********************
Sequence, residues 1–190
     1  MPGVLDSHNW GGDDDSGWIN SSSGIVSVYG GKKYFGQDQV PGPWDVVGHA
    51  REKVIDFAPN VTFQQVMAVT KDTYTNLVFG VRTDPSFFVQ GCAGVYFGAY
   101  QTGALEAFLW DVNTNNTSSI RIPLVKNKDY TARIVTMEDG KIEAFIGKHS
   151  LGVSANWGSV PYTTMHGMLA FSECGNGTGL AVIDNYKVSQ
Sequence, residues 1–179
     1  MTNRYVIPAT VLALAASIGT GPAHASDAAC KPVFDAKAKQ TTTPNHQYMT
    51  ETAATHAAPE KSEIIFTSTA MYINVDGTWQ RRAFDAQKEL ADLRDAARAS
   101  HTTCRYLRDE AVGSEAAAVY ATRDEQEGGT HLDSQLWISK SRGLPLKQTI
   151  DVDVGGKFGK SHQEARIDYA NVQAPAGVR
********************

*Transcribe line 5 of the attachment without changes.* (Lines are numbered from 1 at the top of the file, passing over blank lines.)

   151  LGVSANWGSV PYTTMHGMLA FSECGNGTGL AVIDNYKVSQ